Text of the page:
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Old 05-17-2021, 08:52 PM   #55
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Best advice would be do a zero based budget and live by it for a while, it's crazy how much we spend on items that aren't on the budget.
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Old 05-18-2021, 04:54 AM   #56
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One of our cars recently failed to start. I assume it's either electrical (maybe a coil - not too expensive to fix) or fuel pump (maybe a grand or more to fix.) As it's a '99, we made the (not too) painful decision to "delete" it from our inventory. Not counting what we would spend on maintenance, this will likely save us $1000/year JUST in tags and insurance. We decided that we VERY rarely actually NEED 2 cars. We may just be able to rent our extra parking space for $50 or $100 per month. SO, minimally, getting rid of a car may well save us $1500/year or more. YMMV
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Old 05-18-2021, 05:34 AM   #57
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I am much more comfortable with BTD than cutting, but:

I make sure I am taking advantage of all the benefits/offers, etc. that can come attached to credit cards. Even if the card has a fee, good bene's I actually use can be well be worth it. Things like ride share discounts, streaming credits, partner offers.

When eyeing a new purchase, I always sign up for newsletters for that merchant and wait - get a 10-25% coupon to use for a first order within a few days. Buying things full price is almost always a bad idea. I'm in the middle of replacing a lot of furniture right now. I stake out everything I want, and wait and pounce during sales and specials. Doesn't require too much patience.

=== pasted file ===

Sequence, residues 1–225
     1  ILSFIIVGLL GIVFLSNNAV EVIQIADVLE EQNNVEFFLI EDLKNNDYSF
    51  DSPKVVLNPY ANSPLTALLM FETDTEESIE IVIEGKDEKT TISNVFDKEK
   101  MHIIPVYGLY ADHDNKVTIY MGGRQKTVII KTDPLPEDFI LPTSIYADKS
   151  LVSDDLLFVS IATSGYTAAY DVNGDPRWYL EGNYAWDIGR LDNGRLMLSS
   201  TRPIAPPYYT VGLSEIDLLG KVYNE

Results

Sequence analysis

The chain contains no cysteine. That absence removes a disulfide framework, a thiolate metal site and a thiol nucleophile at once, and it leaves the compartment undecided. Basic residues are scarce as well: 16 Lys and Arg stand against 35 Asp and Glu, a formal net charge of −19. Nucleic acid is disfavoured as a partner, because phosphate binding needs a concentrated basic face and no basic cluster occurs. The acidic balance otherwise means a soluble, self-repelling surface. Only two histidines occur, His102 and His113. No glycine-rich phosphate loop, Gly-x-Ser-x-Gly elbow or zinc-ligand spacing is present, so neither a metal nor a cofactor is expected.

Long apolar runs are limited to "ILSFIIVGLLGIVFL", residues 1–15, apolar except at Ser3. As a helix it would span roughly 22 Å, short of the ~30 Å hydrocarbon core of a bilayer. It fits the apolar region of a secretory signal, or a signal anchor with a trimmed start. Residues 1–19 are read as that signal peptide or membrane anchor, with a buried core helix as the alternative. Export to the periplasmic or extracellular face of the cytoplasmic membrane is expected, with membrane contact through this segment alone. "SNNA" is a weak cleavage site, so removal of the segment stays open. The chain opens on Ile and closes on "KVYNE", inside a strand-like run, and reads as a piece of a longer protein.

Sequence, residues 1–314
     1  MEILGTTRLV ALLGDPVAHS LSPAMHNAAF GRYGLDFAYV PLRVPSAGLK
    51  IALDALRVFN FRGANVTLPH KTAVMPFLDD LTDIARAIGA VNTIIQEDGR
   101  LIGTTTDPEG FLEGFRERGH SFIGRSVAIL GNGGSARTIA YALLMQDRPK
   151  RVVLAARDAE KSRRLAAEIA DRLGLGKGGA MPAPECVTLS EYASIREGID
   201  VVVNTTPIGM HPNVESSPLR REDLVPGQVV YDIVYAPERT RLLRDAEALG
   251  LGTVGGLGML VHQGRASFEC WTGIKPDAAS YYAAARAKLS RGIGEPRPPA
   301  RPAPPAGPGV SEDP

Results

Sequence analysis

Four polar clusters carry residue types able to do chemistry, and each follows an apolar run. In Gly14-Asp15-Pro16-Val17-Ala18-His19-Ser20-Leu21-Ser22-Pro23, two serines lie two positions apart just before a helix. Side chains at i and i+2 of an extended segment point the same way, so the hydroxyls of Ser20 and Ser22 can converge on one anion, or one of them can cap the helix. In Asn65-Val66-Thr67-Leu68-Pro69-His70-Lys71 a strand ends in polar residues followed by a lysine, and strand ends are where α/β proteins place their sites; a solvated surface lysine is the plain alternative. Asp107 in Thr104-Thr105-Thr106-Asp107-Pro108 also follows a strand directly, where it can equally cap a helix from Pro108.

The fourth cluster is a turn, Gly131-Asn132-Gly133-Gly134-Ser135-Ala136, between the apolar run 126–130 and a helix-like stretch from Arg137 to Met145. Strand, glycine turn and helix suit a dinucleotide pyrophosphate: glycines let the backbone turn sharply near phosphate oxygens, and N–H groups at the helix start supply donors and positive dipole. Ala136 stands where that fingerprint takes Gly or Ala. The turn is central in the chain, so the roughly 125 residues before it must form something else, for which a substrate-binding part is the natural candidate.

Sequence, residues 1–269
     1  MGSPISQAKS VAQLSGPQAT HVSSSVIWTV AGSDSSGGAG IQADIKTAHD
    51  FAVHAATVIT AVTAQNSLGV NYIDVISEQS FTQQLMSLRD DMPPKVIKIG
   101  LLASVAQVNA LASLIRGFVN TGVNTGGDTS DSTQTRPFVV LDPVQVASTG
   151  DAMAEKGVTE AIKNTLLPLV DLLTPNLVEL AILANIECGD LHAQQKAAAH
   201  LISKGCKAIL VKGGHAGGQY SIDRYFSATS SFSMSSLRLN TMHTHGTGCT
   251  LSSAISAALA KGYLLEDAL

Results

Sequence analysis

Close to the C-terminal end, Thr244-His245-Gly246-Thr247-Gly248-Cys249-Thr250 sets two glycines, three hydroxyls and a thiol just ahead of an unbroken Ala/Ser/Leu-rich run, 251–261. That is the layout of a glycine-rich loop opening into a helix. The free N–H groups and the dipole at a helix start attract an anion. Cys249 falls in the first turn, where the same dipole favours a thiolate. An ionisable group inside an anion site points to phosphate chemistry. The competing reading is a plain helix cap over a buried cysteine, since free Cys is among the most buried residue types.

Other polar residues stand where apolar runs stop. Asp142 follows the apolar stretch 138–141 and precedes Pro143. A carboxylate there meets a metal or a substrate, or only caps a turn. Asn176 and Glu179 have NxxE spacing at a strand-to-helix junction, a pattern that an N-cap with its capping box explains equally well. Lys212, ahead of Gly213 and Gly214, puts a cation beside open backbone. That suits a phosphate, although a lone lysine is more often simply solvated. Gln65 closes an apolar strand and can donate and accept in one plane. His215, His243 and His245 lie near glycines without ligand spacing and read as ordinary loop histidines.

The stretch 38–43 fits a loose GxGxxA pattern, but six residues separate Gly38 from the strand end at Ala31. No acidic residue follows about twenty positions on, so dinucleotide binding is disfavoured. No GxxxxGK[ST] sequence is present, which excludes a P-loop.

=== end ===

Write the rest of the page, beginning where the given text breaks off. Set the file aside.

I use Rakuten for cash back online, usually just 2-4%, occasionally up to 15%, but it really adds up if I'm good about it. They will also find online coupons and automatically apply those if I missed them.

When I do buy something non-trivial I will check the price for a couple weeks after in case the price drops. And I will call for a credit, or return and repurchase if I have to.

And thursday mornings, because it is the law in florida, I peruse the weekly publix flyer. I will load up on a BOGO or really good deal if it's one of my staples.
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Old 05-18-2021, 08:28 AM   #58
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I didn't even need to watch a video to cut my hair with these!

I have one of those, lol. One of the first things I did upon retirement was to decide to give up on commercial haircuts. With my receding hairline, the costs didn't justify the benefits. I like the simplicity of this little tool. Also, no brushes or combs to buy.
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Old 05-18-2021, 09:06 AM   #59
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I bought a Norelco 360 degree self cutting unit that is no longer made. It sells on eBay for 6x the price. I bought it 10 years ago new at Target for $20. I have not paid for a monthly hair cut going on 10 years.
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Old 05-18-2021, 09:26 AM   #60
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Late to this discussion, but my main cost saving methods are pretty basic:
1) Buy on sale when it makes sense to stock up.
2) Do almost all of my house and car maintenance myself.
3) Use coupons when I can. Not too proud to use a BOGO or whatever discount is available.
4) Can shop thrift stores, garage sales, or other secondhand for some items.
5) Just being conscientious about what the true cost of something will be. Consider recurring costs as mentioned previously by other replies.